For Jesus, in telling this story, none of these considerations mattered. What did matter was that this injured man now had a higher priority than the concerns of the other three. But only one of the three others - and he was a despised, non-believing outsider - responded to the injured man's immediate and urgent need. Yet one is given the impression that the Samaritan was the one most likely to be in a hurry. However, not only did he break his journey to apply first aid, he even went out of his way to bring the man to a hostelry where he could rest and recover. He paid the expenses as well.

Today's story has very practical implications. And, once again, let us remind ourselves that Jesus is not giving a "religious" teaching for an elite minority. He is telling all of us how to be truly human. It is the way all people are called to behave towards each other. As the First Reading puts it, this Law is "not in heaven... nor is it beyond the seas" outside our reach. No, "it is very near to you, it is in your mouth and in your heart for your observance". In other words, Jesus is calling us, not to be some kind of unnatural super-being, but to be true to the deepest convictions of our own nature.

‘It’s none of my business.’ Some years ago, a magazine carried an article. It was entitled “Why Should I Get Involved?”

One day the journalist boarded a subway train. Inside the car, a young man about 18 was holding the center post. Across from him sat a young woman. At 50th Street the train slowed to a stop. The young woman headed for the door. Suddenly she began hitting the boy and screaming, “You fresh punk!” The astonished boy threw up his arms in defense. In doing so, he must have hit her face, because her mouth began bleeding. She shouted, “Police! Police!”. In panic the boy ran from the car. The girl ran after him, still shouting.

The journalist sat stunned. He had witnessed the whole thing. The boy had done nothing. The girl had falsely accused him. At that point, The journalist wondered what would happen if the boy got caught. When The journalist got to his office, he couldn’t get the incident out of his mind. Finally, he picked up the phone and called the nearest precinct.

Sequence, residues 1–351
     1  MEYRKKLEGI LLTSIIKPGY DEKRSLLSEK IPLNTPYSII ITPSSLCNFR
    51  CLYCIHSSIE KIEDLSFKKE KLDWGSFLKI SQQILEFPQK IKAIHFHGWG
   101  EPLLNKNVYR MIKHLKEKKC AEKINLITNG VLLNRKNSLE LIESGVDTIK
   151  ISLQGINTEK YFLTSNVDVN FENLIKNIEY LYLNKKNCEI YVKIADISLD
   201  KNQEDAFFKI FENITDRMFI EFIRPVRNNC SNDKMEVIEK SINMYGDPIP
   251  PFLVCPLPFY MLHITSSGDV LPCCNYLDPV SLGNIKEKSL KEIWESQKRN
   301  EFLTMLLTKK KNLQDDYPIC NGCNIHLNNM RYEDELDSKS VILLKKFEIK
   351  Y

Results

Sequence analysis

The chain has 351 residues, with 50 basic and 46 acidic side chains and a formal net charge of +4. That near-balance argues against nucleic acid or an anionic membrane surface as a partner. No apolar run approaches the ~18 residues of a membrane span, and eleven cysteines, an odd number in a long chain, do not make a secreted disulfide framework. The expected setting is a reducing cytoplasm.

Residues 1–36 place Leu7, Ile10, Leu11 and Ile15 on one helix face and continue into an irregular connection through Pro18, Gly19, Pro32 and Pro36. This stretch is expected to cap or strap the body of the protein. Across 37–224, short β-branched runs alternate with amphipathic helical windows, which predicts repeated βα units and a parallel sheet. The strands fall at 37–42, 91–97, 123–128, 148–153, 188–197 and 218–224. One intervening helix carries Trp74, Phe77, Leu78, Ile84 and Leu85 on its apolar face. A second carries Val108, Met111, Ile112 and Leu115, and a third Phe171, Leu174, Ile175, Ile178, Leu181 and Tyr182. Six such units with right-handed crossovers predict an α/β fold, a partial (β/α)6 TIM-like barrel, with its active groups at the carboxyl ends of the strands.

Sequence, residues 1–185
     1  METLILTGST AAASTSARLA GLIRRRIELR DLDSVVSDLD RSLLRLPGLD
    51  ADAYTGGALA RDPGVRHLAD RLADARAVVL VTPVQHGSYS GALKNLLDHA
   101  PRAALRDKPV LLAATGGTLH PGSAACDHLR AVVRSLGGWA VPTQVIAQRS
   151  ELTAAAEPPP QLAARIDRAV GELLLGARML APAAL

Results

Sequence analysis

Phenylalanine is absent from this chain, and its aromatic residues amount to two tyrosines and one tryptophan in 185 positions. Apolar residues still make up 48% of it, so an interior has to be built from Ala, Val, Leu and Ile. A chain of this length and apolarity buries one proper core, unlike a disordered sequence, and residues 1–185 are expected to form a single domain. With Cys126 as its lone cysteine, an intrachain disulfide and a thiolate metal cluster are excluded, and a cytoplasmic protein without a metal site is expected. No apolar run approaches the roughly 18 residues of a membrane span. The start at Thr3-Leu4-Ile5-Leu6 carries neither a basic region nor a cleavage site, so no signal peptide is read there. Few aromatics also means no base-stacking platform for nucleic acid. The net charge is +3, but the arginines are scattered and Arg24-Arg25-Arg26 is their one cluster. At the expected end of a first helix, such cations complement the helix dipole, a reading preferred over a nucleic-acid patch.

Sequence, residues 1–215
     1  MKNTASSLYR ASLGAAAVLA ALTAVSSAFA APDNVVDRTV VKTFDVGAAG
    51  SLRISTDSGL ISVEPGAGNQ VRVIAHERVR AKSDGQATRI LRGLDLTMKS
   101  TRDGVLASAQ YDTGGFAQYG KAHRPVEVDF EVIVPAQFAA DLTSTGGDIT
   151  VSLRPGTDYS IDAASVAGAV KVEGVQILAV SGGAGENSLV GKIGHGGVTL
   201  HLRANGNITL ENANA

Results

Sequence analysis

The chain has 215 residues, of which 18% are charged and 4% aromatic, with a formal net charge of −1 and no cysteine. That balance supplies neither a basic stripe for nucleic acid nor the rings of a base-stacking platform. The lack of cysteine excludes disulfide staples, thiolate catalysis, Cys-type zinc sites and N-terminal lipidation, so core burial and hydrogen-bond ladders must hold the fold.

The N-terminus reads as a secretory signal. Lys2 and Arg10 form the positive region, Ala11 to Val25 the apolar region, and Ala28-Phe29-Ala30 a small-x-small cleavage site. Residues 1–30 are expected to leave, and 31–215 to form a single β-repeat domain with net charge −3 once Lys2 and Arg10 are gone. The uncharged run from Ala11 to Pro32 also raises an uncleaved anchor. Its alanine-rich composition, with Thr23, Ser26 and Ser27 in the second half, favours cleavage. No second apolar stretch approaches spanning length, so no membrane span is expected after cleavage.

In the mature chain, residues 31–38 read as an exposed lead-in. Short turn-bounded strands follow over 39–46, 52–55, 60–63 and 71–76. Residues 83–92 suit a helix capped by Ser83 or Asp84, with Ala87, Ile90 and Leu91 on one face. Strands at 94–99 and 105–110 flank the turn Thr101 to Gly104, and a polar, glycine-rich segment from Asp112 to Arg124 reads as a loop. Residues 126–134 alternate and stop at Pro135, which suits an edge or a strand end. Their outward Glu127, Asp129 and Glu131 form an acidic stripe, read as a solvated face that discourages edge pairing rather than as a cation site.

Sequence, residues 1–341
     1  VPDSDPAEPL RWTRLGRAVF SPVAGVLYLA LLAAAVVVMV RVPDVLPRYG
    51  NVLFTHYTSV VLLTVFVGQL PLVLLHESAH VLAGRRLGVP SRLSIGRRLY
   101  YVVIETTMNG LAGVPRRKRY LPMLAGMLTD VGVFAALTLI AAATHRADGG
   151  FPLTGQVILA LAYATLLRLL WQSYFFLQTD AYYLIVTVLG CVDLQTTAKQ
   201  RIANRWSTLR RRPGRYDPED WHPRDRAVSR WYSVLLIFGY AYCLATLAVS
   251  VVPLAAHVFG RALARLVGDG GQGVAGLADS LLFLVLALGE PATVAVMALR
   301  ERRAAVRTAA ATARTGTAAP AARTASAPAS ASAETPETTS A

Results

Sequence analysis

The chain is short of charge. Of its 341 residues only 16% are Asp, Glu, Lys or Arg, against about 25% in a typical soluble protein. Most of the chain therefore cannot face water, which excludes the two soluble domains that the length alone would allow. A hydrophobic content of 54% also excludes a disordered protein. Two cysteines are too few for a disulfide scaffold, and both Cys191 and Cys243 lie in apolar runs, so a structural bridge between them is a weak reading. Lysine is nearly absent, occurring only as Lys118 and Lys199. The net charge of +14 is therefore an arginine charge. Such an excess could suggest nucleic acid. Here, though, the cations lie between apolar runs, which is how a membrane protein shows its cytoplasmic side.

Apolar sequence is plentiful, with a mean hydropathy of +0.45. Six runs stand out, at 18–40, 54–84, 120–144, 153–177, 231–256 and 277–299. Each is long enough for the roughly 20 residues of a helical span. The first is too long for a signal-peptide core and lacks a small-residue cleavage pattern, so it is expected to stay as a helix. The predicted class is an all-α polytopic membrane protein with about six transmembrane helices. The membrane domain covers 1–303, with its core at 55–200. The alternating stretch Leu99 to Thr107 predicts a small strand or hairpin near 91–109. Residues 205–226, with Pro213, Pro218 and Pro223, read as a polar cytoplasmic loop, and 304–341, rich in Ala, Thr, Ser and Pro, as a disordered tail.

The boy had been caught and sent downtown to Juvenile Court. He was told that the boy’s name was Steve and that a lawyer named Fleary would be representing him.

The following Monday, the journalist showed up for the court case. The lawyer briefed him. There was bad news. A few years back the boy had been picked up with some other boys on suspicion of stealing a car, but he had not been charged. When the judge began questioning the girl, the journalist couldn’t believe the things she was saying. At that point the judge asked her to be specific, because a witness to the incident was present. When the girl heard this, she grew nervous, fumbled for words, and began contradicting herself. The judge stopped and called both lawyers forward. He huddled with them, and they nodded in total agreement.

The judge dismissed the case. The girl was apparently sick and needed psychiatric help. Overwhelmed with gratitude, the boy grasped the journalist’s hand, too choked to speak. On his way home, the journalist thought to himself, “How close I came not to get involved, thinking, ‘It’s none of my business.’”

****** - interesting idea of Pope Benedict XVI

Pope Benedict proposes another, more contemporary application of the parable of the Good Samaritan. He sees the entire continent of Africa symbolized in the unfortunate man who has been robbed, wounded, and left for dead on the side of the road, and he sees in us, members of the rich countries of the northern hemisphere, the two people who pass by if not precisely the brigands themselves.

We cannot say, “it’s non of my business

I tell you the truth, whatever you did for one of the least of these brothers of mine, you did for me.” “Whatever you did not do for one of the least of these, you did not do for me. – Mt 25,40&45

- With confidence, we turn to God with the needs of the world, to God who hear the cry of the poorest.
- Saving God, your mercy heals the wounds of the world. Hear and answer the prayers we offer in the name of your Son, Jesus Christ our Lord.